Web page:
I believe the model that will win out will be one of flexibility, no pu intended. There’s no doubt that human interactions face to face have advantages over online meetings. Sitting at a desk and getting on with things however is a different story. Maybe Siemens have the answer or maybe it should be up to the employees to decide. Beneath this however there are cultural changes and management changes that need to happen alongside adoption of technology and simply taking the plunge. All three areas need to be in place to successfully embrace a flexible if not fully distributed working model. What is for certain however is the cat is out of the bag, employees who’ve had a taste of flexible working will be far less inclined to want to go back. In fact I can see true flexibility being a cornerstone of job searches and it’s clear employee churn will be a challenge for those not opting to change.

At Amazemeet our focus is on those interactions, those meetings. We know for certain that whether face to face or remote technology needs to play it’s part to ensure we work towards outcomes.

Re-evaluating what’s important

It’s hard to judge how good an experience will be until you try it. This is certainly true of remote working. Now we have many of us like it, really like it. Pre-Covid i could see an argument for taking the office job that paid £10k more a year over the flexible job because we’re naturally risk averse and we have now frame of reference. Now that’s changed it would argue the latter is a much more attractive option for most. The grassroots is often the driver of many a change and people vote with their feet. The next 3-5 years could see a real shift. Sure if you’re 25, no kids and single the attractive city job is a no-brainer but what about when you’re 35, married with a kid and plans for a second? You’re also likely further up the food chain experience wise, you may therefore pose a bigger loss. Even writing this though I feel a certain bias dictated by age, if we all just focussed on output rather than time spent!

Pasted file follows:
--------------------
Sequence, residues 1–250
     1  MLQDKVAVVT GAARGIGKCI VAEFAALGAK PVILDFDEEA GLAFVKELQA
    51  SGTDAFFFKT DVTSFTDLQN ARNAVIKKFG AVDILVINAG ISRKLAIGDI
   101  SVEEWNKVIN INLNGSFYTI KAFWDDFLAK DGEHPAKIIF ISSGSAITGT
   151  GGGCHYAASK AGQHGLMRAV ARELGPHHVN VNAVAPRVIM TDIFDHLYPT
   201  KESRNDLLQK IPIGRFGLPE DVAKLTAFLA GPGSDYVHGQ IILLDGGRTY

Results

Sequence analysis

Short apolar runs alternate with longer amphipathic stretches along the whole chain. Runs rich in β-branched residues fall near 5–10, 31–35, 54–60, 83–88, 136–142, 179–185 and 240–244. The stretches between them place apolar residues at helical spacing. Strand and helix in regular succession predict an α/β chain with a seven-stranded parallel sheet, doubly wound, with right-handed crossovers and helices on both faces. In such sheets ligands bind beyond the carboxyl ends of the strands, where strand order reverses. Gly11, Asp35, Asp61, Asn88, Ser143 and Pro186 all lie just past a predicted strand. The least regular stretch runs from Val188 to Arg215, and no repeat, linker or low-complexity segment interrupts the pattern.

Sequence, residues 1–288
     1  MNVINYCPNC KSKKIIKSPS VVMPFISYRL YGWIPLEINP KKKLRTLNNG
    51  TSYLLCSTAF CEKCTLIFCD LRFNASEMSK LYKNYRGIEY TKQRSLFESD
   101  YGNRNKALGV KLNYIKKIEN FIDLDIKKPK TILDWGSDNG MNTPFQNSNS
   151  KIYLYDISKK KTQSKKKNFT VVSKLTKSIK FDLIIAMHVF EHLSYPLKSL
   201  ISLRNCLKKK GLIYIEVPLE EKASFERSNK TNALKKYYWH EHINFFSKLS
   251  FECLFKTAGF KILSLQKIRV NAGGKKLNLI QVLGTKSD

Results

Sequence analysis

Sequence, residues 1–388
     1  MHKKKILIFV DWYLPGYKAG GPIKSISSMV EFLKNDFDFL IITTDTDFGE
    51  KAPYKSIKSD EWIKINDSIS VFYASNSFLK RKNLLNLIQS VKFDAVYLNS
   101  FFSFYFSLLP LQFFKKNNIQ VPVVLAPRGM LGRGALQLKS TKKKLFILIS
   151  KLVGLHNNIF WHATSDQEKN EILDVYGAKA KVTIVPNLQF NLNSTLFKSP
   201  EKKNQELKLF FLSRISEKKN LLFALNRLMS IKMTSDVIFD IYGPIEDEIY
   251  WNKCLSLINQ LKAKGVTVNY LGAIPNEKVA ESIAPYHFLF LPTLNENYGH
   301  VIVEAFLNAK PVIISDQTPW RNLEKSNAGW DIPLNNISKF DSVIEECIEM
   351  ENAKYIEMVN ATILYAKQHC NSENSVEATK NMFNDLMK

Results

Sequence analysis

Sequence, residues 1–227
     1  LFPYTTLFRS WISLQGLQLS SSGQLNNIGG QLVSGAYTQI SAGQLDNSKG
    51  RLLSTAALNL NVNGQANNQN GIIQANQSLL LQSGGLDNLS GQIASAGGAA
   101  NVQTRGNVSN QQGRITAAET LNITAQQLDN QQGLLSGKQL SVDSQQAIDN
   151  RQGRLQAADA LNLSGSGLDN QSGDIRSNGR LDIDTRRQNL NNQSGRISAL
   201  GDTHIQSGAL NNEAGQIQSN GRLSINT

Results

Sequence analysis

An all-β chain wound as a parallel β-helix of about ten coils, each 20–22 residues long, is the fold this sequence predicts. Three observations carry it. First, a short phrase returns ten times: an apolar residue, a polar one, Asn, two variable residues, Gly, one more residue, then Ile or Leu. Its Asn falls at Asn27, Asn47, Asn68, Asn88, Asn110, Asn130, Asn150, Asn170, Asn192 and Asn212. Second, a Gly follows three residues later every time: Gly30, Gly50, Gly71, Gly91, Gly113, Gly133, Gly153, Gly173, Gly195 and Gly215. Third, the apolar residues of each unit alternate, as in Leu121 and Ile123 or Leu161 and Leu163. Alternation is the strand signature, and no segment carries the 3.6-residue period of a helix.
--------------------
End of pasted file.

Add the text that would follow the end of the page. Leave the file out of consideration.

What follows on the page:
In my mind that’s the biggest hurdle leadership needs to overcome. A change from time spent to output, goals met will be the driver. Amazemeet is deisgned to do just that, focus on the outcome not the time spent getting there. If we simply embraced that at every level of an organisation who cares how much time you spend at your desk.

Chances are you’ll be performing better anyway.

The future of work needs technology like Amazemeet, try it now.

Finding a balance in the new normal.

Finding a balance in the new normal

We’re all trying to find balance in the new normal as we rapidly change our working behaviour.

So let’s preface this article by asking how you’re getting used to version 3 of Amazemeet? We’d love to know if it’s helping you have better meetings?

Back to the business at hand. It seems like we’re all in this together right now, which in some ways is great, everyones having to deal with the same change. For some it will be short-lived for some a new way of working is being ushered in whether we like it or not. Our experience at Amazemeet hasn’t really changed, we’ve always been a distributed business but for those just starting out on this journey, especially more traditional companies, it’s a brave new world.

We’re saving money that’s all that matters, right?